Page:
News

December 4, 2008

Mike Homer ’00 Takes Lessons From Hardwood to Art Galleries

Former basketball player moves in fast-paced NYC art world

Q: Name the link between the midcourt paint at the NCAA basketball tournament and the multi-million dollar paintings hanging in the prestigious PaceWildenstein Gallery in New York City.

A: Mike Homer ’00.

His official title is dealer’s assistant, though for his part in the Big Apple’s frenetic creative scene, Homer might be better labeled “wrangler of chaos.” The art graduate’s daily work at the gallery includes psychology (interacting with artists and art dealers), salesmanship (suggesting works to gallery clients), history (fact-checking art provenance), and logistics (coordinating which museum, gallery, or warehouse holds PaceWildenstein’s thousands of artworks).

Still, the former member of the Division I Patriot League championship basketball teams of 1999 and 2000 takes his fast-paced work in stride. “There’s adrenaline that comes along with the job that reminds me of playing sports,” he says. “Sometimes, I even wear my old gym shorts under my suit for good luck.”

Homer’s hoop dreams lie in the past, but he often calls on lessons learned on the court. “Coach Fran O’Hanlon used to say 50 times a day, ‘Pay attention to detail.’ It became lodged in my brain,” he says. “Now my attention to detail is a skill I utilize every day.”

That pride shows in another aspect of Homer’s talents: curator. The recent Building Steam exhibition at the Williams Center for the Arts showcased his handpicked selection of dynamic works by emerging artists. The show focused on themes of accumulation, momentum, and order within disorder.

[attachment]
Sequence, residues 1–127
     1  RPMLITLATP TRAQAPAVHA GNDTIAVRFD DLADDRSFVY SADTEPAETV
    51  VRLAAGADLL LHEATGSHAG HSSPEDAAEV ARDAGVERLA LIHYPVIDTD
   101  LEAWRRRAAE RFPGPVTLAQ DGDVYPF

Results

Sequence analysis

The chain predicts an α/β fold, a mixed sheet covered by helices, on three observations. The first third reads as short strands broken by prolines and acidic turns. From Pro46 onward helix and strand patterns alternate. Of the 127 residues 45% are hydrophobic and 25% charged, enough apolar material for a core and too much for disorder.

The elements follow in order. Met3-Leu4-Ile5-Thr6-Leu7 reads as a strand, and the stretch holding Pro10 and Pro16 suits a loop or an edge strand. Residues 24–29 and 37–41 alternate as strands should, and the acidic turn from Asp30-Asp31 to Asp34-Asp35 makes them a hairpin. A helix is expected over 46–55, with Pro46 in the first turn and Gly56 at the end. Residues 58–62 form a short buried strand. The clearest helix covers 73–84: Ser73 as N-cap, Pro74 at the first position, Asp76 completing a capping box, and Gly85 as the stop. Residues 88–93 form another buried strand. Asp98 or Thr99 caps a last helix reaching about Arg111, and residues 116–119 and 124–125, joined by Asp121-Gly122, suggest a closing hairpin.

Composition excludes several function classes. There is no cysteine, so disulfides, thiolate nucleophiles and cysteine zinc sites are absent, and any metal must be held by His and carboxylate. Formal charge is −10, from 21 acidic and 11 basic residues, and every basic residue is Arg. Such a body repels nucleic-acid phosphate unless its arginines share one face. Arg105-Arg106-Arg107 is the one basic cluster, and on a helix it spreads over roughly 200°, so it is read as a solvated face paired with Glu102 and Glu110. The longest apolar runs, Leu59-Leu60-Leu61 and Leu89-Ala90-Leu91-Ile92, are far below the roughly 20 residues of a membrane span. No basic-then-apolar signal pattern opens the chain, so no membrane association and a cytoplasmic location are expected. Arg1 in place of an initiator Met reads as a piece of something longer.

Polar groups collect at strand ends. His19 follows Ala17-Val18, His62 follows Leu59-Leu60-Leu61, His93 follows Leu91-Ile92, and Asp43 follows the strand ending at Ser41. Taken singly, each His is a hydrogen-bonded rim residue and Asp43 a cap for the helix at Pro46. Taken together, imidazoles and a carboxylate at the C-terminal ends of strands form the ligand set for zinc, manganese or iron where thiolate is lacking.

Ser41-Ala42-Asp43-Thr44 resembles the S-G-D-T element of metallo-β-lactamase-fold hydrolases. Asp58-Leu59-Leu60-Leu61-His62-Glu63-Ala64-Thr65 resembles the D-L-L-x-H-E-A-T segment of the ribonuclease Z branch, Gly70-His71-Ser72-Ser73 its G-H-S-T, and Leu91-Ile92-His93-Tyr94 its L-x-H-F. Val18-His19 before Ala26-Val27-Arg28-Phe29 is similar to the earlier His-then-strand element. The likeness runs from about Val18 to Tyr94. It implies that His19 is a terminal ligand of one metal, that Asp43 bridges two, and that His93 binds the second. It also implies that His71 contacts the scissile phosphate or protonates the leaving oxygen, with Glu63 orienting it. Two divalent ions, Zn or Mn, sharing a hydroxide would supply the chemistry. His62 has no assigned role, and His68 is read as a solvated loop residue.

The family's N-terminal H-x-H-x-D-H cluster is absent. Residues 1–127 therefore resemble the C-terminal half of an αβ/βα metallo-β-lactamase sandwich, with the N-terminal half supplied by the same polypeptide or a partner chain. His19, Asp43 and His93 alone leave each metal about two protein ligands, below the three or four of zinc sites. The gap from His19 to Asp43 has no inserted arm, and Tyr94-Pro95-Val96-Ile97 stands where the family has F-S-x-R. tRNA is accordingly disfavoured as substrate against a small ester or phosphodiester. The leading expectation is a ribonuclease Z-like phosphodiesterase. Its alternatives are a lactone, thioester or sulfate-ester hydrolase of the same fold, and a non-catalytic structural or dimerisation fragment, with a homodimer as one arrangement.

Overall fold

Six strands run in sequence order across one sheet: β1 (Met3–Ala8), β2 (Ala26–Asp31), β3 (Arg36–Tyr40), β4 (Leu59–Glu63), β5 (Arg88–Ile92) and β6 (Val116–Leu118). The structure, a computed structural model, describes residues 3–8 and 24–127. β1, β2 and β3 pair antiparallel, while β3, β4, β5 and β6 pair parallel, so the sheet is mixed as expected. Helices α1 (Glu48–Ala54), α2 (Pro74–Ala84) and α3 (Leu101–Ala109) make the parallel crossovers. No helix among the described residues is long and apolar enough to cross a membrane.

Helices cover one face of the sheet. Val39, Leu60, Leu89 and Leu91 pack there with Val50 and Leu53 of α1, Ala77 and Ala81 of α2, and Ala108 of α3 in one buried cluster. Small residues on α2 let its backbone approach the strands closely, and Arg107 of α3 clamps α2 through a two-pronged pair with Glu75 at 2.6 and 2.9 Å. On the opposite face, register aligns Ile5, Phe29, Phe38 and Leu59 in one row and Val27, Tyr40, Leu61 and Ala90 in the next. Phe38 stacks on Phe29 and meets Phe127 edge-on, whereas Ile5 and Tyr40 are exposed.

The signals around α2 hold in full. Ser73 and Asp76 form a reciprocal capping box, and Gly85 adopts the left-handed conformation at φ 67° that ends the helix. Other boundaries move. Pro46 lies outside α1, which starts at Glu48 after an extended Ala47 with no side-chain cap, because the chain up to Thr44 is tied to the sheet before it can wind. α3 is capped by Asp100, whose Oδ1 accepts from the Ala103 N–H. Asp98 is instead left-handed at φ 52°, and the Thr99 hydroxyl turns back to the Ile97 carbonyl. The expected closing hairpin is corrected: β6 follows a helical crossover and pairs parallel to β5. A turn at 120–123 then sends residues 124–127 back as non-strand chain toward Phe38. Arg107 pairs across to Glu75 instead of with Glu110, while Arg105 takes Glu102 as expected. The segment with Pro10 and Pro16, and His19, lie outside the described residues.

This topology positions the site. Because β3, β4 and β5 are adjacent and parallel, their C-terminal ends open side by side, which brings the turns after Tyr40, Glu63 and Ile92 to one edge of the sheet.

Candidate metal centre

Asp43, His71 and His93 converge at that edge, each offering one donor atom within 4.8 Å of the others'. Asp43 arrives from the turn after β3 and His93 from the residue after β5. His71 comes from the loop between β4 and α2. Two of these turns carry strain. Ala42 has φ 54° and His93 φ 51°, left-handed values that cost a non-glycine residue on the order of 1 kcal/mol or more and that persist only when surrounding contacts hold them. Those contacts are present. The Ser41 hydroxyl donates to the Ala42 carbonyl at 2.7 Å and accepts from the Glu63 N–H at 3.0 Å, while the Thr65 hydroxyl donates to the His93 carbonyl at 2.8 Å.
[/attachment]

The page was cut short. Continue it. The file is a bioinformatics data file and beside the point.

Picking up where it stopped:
Born into an artist’s household in Spokane, Wash., Homer forsook the West Coast for the art capital of the world, drawn by his love for activity and the creative spark. “I’ve always felt there’s this amazing creative energy in New York City,” he says. “I made it to the right place.”

“I’m interested in having my own space one day, having the chance to provide a platform for emerging and undiscovered artists,” Homer says, outlining his mission. “Art will always be important because it is the currency of human exchange. It is how we share our ideas, feelings, and experiences with one another.”

It’s a truth Homer defends with a passion —though in the end it pales compared with an even greater reality, one he shares with a twinkle in his eye: “Art makes people think.”

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